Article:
SITU Smart Food Scale Connects to iPad to Relay Nutritional Information

Discussion in 'iOS Blog Discussion' started by MacRumors, Apr 2, 2014.

  1. macrumors bot


    Apr 12, 2001

    Newly released on Kickstarter, the SITU is a food scale with a built-in Bluetooth chip that enables it to communicate with an iPad. When a food item, such as fruits, vegetables, or even chips, is placed on the scale, it weighs the food and then relays the nutritional information to the iPad via the SITU companion app.

    Designed to allow people to monitor their calorie intake and other nutritional factors while preparing fresh foods, the SITU can measure each component of a meal to calculate its exact nutritional value. It's able to measure individual components and more complete meals, like a sandwich, a bowl of cereal or a slice of pizza.
    According to the product's developers, the SITU is a useful tool for calorie counters, athletes, parents, health professionals, and those who want to be more health conscious, tracking nutrients like sugars and salts within food.

    Additional details about the SITU and multiple videos of the product in use can be found on the Kickstarter page. Interested backers can preorder the SITU for a pledge of £50 plus £12 for shipping outside of the U.K., which equates to approximately $103. There are a limited number of scales available at that price and orders are expected to ship in November of 2014.

    Article Link: SITU Smart Food Scale Connects to iPad to Relay Nutritional Information
  2. macrumors member


    Jun 2, 2011
    well it'd be better with an iphone and in a really smaller size... since you cant go out to a dinner with friends with those 2 things with you... would be awkward
  3. macrumors regular

    Apr 26, 2013
    Being in the UK i jumped on this a few hours ago! £50 did seem expensive but i think the RRP will be much more.

    Here's hoping it could integrate with health book as (naively) I thought it would be a no brainer to do so.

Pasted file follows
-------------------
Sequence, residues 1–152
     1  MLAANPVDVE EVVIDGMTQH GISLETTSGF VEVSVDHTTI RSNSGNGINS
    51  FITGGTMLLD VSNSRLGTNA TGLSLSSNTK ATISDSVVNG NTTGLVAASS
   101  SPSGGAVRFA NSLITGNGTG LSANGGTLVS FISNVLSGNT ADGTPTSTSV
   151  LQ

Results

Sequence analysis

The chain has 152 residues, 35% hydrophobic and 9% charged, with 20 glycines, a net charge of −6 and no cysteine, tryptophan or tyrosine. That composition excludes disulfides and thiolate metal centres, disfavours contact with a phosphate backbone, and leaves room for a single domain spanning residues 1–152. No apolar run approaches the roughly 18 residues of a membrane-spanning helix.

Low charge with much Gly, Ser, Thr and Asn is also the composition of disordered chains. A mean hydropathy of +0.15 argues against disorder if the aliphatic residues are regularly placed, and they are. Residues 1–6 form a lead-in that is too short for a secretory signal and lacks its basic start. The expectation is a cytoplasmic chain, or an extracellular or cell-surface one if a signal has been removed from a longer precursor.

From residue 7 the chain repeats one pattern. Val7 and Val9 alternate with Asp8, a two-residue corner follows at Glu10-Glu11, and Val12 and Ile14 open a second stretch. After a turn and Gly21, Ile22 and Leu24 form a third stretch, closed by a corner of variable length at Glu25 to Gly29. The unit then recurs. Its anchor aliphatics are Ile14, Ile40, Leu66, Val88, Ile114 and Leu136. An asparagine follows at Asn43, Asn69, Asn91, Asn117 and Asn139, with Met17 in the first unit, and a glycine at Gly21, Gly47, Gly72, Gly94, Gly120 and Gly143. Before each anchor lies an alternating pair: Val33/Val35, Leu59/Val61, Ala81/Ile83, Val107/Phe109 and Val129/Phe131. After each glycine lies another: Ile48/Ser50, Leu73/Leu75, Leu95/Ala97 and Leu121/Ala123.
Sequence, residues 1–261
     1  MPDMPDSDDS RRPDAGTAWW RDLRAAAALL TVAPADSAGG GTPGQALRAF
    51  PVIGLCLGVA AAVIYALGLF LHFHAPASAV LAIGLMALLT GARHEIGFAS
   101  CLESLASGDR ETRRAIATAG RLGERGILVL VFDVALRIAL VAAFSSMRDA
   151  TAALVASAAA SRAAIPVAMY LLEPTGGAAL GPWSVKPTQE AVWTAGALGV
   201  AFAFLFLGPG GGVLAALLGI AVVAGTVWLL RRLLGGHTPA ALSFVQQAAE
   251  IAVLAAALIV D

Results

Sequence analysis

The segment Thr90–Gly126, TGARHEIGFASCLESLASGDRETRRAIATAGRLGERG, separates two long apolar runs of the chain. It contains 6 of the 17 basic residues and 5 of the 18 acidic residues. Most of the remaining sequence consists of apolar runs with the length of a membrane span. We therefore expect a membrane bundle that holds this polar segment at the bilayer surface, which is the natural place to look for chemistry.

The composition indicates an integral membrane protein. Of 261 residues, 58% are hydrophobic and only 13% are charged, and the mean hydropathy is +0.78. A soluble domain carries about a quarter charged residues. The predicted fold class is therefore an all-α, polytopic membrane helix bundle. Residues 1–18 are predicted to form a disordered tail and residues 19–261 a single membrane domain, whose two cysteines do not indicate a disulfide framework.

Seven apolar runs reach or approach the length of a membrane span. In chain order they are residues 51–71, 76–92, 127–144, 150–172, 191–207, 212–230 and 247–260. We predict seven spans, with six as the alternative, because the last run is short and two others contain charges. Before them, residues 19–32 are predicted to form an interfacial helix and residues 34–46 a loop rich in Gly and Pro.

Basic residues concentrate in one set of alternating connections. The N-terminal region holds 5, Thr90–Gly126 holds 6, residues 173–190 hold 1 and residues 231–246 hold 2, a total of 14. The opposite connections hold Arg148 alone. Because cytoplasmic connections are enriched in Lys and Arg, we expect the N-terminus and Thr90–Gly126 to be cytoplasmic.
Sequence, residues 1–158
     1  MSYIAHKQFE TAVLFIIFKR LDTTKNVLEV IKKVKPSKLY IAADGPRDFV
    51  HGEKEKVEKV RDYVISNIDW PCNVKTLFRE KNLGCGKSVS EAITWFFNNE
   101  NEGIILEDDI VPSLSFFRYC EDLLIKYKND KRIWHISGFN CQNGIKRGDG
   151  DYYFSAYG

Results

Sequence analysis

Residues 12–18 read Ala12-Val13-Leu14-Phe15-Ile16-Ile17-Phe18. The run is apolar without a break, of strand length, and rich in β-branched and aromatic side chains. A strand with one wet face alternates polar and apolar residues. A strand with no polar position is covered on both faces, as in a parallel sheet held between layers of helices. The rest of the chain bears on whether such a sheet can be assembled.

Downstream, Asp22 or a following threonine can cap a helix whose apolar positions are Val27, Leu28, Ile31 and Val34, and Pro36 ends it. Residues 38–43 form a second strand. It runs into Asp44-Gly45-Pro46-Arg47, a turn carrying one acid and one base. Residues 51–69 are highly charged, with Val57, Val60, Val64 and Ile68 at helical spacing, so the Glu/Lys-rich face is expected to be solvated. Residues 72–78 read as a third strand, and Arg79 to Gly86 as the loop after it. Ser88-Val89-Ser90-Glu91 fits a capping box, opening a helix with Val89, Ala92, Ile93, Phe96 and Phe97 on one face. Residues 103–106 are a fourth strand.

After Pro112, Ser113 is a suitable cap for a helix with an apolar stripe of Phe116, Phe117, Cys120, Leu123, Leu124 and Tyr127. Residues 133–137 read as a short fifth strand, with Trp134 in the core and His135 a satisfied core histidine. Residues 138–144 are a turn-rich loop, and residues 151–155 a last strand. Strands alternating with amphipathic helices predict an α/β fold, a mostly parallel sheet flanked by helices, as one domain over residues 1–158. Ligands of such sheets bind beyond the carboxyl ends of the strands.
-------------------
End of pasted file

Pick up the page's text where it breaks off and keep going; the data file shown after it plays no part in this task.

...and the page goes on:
4. nagromme, Apr 2, 2014
    Last edited: Apr 2, 2014

    macrumors G5


    May 2, 2002
    You know... I really don't think you will.

    A useful approximation maybe--some of the time. Exactly the vitamins and minerals? That would be awesome! Not true. (Not when they're showing that sandwich of multiple ingredients—the kind of scenario that fits most of what we eat.)
  5. macrumors 68030


    Aug 16, 2011
    Philadelphia Area
    I think it's a waste of time & too bulky unless u eat every meal at home. Not even a little bit interested and I'm looking for apps to help me with eating right.
  6. macrumors newbie

    Apr 2, 2014
    Cute but not very functional.

    Instead of waiting until this is available a much improved options is an app called "Nutrition Calc" for iOS (iPhone and iPad).

    It shows the standard "Nutrition Facts" label on which you can add food items and discover all vitamins, minerals, and other item in intuitive way. Everyone who has seen a food label will know how to use this.

    I use it every morning for my smoothies, add all the ingredients to see what vitamins and minerals I luck the most and try to compensate by adding fruits and vegetables that can balance that out.

    Here is a link to the app store:
  7. macrumors regular


    Dec 12, 2009
    This product might be intruding on a patent for a product I used to do some occasional development for. It's focused for healthcare only so maybe that makes it ok, but other than that it's the exact same thing

    It was more than 10 years ago and at the time it was for the iPaq but the principle was the same. I'm sure they've made ios version of it now.
  8. JTP3XP, Apr 2, 2014
    Last edited: Apr 2, 2014

    macrumors newbie

    Aug 8, 2013
    This sounds exactly like The Orange Chef's PrepPad, which launched on Kickstarter a year ago and is now available for sale (I think Williams-Sonoma carries it now as well).

    I have one. It needs some software improvements but is well-built.
  9. macrumors 65816